Roughly half of voting Americans think that Biden’s election week victory involved some funny business. No one has presented any reasonable explanation for the allegations of irregularities and outright violations, despite the accepted Democrat party line that the allegations are “debunked” and “baseless”, and amount to “disinformation”. No court in any State has yet considered the allegations of fraud on their substantive claims, ruling instead on issues of standing and procedure. In a recent case before the Supreme Court of Wisconsin, Chief Justice Patience D. Roggensack underscored the issue when she said in dissent that the four majority judges had chosen to “throw the cloak of laches over numerous problems that will be repeated again and again, until this court has the courage to hear them.”
I suspect the reality is that Moore hasn’t the faintest clue about the extent of the allegations, and has no capacity to refute a single one of them, far less explain away the entire litany of alleged abuses. It’s much easier to sit back and tweet a blanket condemnation of Christians who believe their vote was stolen and want the matter to be investigated using ever legal means possible. To insinuate that this is the product of the seductive powers of Trump idolatry is misguided.
Standing up for election integrity necessarily has implications for but is not predicated on a Trump’s presidency. It’s about the future of the American Republic. If the greatest democracy in the world can’t ensure free and fair elections, all hope is lost. If presidential elections are won by fraud, the whole country becomes a sham. It will inexorably pass from being one nation under God to an authoritarian state beholden to lies.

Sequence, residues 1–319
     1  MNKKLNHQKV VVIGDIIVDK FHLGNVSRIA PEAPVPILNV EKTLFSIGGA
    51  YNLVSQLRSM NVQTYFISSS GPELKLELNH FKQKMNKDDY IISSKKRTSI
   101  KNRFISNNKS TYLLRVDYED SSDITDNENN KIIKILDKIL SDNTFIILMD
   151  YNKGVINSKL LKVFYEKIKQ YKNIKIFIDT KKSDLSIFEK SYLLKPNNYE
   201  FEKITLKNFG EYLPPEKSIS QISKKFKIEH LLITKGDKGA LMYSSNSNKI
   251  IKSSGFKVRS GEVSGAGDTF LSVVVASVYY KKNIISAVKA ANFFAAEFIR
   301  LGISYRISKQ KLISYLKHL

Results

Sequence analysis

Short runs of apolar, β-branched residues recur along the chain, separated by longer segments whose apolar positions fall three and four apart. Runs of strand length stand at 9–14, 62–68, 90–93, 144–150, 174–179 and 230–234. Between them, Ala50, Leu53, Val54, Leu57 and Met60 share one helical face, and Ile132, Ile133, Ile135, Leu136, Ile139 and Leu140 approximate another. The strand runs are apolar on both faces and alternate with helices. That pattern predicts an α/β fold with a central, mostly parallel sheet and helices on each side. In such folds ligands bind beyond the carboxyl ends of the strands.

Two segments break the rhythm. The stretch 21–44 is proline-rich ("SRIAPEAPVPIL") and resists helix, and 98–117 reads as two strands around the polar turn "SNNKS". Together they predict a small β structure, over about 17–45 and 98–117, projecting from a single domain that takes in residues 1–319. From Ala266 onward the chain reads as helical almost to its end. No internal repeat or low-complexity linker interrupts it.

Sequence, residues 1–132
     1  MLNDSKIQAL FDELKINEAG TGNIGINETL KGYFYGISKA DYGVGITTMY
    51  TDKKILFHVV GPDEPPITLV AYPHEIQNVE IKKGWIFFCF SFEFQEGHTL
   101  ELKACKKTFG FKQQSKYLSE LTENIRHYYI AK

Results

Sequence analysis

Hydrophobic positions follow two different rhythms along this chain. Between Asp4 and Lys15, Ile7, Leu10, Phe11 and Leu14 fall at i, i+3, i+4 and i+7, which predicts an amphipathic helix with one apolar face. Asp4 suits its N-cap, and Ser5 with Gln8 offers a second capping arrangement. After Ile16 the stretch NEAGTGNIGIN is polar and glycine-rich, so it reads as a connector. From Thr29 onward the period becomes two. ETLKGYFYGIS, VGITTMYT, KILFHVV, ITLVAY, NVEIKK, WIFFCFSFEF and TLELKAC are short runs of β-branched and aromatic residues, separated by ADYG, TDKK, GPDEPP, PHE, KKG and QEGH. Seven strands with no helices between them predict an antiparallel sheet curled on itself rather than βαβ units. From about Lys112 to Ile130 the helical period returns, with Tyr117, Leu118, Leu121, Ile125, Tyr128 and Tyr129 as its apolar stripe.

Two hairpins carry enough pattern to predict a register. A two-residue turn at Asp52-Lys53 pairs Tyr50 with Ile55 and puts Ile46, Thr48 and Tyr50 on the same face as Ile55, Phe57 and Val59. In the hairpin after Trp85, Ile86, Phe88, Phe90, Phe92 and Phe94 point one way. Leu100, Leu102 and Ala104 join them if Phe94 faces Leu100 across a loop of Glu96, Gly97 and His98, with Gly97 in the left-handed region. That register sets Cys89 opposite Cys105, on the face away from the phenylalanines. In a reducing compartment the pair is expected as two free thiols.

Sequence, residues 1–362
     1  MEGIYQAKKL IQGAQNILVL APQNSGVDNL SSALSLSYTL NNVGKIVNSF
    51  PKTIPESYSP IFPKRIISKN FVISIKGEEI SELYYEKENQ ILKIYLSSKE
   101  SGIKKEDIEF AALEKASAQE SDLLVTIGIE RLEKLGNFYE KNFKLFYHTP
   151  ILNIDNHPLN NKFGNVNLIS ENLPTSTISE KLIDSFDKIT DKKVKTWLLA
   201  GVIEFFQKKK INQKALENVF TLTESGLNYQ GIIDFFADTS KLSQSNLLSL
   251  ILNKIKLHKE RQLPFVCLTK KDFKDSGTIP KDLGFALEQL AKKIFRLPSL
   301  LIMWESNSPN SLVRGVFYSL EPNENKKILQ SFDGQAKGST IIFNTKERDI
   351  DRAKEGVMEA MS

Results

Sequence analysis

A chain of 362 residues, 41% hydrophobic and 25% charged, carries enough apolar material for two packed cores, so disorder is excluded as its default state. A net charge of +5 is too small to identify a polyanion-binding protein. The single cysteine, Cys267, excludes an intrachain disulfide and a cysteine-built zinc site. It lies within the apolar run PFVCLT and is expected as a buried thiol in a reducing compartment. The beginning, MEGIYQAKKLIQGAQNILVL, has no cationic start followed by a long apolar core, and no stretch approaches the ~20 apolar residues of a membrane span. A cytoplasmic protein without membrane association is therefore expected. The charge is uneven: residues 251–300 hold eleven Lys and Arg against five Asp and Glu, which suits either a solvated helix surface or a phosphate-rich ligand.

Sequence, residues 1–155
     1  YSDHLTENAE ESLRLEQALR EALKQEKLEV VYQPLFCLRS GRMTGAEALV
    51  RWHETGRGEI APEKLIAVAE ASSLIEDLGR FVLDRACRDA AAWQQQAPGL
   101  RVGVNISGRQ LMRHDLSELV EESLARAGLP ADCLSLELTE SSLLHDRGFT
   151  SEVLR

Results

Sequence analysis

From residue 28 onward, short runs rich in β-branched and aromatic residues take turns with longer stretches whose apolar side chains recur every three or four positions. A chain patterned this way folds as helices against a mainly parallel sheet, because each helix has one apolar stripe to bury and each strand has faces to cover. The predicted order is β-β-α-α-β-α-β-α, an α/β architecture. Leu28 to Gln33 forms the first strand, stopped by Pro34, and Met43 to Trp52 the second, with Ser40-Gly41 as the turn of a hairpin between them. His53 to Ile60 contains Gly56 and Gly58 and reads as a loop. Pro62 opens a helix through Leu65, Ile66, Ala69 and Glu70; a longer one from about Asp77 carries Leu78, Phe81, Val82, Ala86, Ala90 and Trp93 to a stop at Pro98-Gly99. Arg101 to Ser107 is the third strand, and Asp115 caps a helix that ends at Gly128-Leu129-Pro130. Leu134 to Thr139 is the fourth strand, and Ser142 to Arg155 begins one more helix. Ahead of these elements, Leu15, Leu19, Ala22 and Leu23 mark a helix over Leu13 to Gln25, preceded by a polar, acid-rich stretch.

Scripture tells us that where there is deceit and duplicity, Satan’s hands are at work. Our Lord promises that the truth shall set us free and warns that those who indulge in falsehood separate themselves from God and align themselves instead with he for whom lying is natural – the Devil, the father of lies. This is why former Nuncio to Washington, DC, Archbishop Carlo Maria Viganò, in his letter read at last Saturday’s rally, invited Americans to turn to God’s “Supreme Court” in the hope that “the Will of God may be fulfilled, and Truth may triumph over falsehood”.
If Christian voters insist on truth over vacuous talking points, it is about ensuring that this nation thrives under God through commitment to the light of truth, instead of railing against him by hiding in the shadows of deceit. Those who refuse to consider evidence, scoff at witnesses, and deride the millions of Americans who demand explanations, rival the cynicism of Pontius Pilate when he mockingly asked Jesus, “And what is truth?” As Senator Josh Hawley argued during Wednesday’s Senate Homeland Security Committee hearing, telling 74 million Americans to just shut up, when they already feel disenfranchised, and that the election was rigged, is not a recipe for success in this country, nor for unity.
According to one of the most profound theological truths in Scripture, a nation that turns to God is blessed and rewarded by him. When King Nebuchadnezzar takes the people of Judah away as prisoners from Jerusalem to Babylonia, God speaks through the prophet Jeremiah: “I alone know the plans I have for you, plans to bring you prosperity and not disaster, plans to bring about the future you hope for. Then you will call me, and I will answer you … because you will seek me with all your heart.”
Turning to God necessarily entails embracing His truth – not the narrative, perspective or preference of any one man or political party. Christians who ask that the light be shed indiscriminately on shadowy aspects of this election saga are not succumbing to the cult of Trump but rather are pursuing the path of truth, wherever it may lead.
Carina Benton is a native Australian living in Washington State. She is a practicing Catholic and has taught for many years in Catholic and Christian schools. She is a mother of two young children.